c. 1200, terme "limit in time, set or appointed period," from Old French terme "limit of time or place, date, appointed time, duration" (11c.), from Latin terminus "end, boundary line," in Medieval Latin "expression, definition," related to termen "boundary, end" (see terminus). Old English had termen "term, end," from Latin. Sense of "period of time during which something happens" first recorded c. 1300, especially of a school or law court session (mid-15c.).
The meaning "word or phrase used in a limited or precise sense" is first recorded late 14c., from Medieval Latin use of terminus to render Greek horos "boundary," employed in mathematics and logic. Hence in terms of "in the language or phraseology peculiar to." Meaning "completion of the period of pregnancy" is from 1844. Term-paper in U.S. educational sense is recorded from 1931.
1590s, "made of paper, consisting of paper," from paper (n.). Figurative of something flimsy or unsubstantial from 1716, probably on the notion of "appearing merely in written or printed statements, not tangible or existing in reality." Paper tiger (1952) translates Chinese tsuh lao fu, popularized by Mao Zedong. Paper doll is attested by 1817; paper plate "disposable plate made of paper or cardboard" is from 1723. Paper money is from 1690s.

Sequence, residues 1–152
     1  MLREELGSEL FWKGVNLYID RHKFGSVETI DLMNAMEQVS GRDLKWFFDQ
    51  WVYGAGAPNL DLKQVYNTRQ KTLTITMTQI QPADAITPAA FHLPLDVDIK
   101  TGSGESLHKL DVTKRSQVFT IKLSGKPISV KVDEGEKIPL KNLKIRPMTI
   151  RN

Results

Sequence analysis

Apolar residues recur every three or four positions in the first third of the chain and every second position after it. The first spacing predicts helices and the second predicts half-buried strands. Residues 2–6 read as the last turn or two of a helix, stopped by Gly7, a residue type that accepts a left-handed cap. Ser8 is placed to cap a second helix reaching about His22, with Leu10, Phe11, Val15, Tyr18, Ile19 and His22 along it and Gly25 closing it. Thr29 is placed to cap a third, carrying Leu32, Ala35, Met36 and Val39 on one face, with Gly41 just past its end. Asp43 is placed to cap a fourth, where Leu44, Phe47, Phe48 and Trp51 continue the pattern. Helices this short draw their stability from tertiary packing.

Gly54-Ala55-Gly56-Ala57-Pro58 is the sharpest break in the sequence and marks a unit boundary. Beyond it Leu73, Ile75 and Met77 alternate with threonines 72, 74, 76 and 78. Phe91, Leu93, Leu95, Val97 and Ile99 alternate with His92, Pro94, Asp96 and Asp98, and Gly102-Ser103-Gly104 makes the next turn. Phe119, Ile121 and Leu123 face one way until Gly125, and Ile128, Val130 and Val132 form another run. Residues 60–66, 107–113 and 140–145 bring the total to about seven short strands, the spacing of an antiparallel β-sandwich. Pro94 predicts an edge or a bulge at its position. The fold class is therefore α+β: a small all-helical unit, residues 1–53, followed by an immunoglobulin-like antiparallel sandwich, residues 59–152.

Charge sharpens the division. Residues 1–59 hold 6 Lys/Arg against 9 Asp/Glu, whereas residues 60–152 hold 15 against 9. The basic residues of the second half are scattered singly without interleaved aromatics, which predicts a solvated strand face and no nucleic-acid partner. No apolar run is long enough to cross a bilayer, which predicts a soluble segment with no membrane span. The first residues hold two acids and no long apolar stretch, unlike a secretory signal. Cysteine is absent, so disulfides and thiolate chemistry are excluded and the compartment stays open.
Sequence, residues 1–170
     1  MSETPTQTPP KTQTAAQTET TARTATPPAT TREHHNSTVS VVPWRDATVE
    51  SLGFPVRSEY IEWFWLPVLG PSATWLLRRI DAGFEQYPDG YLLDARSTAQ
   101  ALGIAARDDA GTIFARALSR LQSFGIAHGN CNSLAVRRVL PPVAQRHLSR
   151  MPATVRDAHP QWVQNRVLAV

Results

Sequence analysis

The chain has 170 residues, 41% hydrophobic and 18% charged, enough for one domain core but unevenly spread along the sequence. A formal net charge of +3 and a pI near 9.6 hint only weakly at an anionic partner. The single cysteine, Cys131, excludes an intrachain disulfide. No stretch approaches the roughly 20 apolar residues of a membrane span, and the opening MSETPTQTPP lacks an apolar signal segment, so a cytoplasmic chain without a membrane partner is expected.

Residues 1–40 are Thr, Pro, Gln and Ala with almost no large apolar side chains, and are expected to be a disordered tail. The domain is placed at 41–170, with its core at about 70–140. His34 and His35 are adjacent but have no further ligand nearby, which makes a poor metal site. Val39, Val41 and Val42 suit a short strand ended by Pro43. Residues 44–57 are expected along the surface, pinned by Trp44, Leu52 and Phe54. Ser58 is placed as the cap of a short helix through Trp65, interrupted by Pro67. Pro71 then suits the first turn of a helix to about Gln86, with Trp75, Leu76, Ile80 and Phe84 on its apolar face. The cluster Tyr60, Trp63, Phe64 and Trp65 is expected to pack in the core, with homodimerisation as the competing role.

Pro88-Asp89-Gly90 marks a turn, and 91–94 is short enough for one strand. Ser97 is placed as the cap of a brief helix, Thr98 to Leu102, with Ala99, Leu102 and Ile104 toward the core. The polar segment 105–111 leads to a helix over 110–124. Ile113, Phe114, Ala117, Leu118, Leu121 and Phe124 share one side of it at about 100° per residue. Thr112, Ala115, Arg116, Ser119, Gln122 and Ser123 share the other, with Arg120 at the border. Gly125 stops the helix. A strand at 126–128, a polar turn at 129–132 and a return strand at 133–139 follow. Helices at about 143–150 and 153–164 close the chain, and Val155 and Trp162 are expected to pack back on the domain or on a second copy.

1590s, "to write down on paper," from paper (n.). Meaning "to decorate a room with paper hangings" is from 1774. Related: Papered; papering. Verbal phrase paper over in the figurative sense is from 1955, probably from the notion of hiding cracks in plaster with wallpaper. Paper (n.) also had a sense of "free passes to theaters or other public entertainments" (1785), so paper (v.) once meant "fill (a theater, etc.) with non-paying spectators."
mid-14c., "material consisting of a compacted web or felting of vegetable fibers, commonly as a thin, flexible sheet for writing, printing, etc.," from Anglo-French paper, Old French papier "paper, document," and directly from Latin papyrus "paper, paper made of papyrus stalks," from Greek papyros "any plant of the paper plant genus," a loan-word of unknown origin, often said to be Egyptian (see papyrus).
Sense of "essay, dissertation on a topic" is from 1660s. Meaning "bills of exchange, paper money" is attested by 1722. As "paper for covering the walls of interiors," 1764. As "printed sheet of news" (a shortened form of newspaper), attested by 1640s. Papers, "collection of documents which establish one's identity, standing, credentials, etc.," it is attested from 1680s.
Paper-clip is by 1875; paper-cutter as a type of machine is by 1969. Paper-hanger is by 1796. Paper-wasp " type of wasp that builds a nest out of paper-like material" is by 1805. Paper chase is by 1856 in British English for the game of hare-and-hounds, from the bits of paper scattered as "scent" by the "hares;" the slang meaning "effort to earn a diploma or college degree" is by 1932.